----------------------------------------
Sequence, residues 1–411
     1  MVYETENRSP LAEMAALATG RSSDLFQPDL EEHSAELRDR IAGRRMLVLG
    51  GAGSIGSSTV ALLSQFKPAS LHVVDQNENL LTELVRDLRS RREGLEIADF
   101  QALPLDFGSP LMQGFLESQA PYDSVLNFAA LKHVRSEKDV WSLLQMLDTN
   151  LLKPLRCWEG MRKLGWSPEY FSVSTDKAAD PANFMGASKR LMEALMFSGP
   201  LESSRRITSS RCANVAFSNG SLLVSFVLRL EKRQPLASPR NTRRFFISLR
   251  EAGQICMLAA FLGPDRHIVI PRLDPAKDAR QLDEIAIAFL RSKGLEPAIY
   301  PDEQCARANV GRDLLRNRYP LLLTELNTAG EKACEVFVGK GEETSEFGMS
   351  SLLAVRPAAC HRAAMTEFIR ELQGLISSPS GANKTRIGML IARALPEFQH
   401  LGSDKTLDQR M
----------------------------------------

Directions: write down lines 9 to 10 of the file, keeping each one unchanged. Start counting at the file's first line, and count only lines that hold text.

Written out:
   351  SLLAVRPAAC HRAAMTEFIR ELQGLISSPS GANKTRIGML IARALPEFQH
   401  LGSDKTLDQR M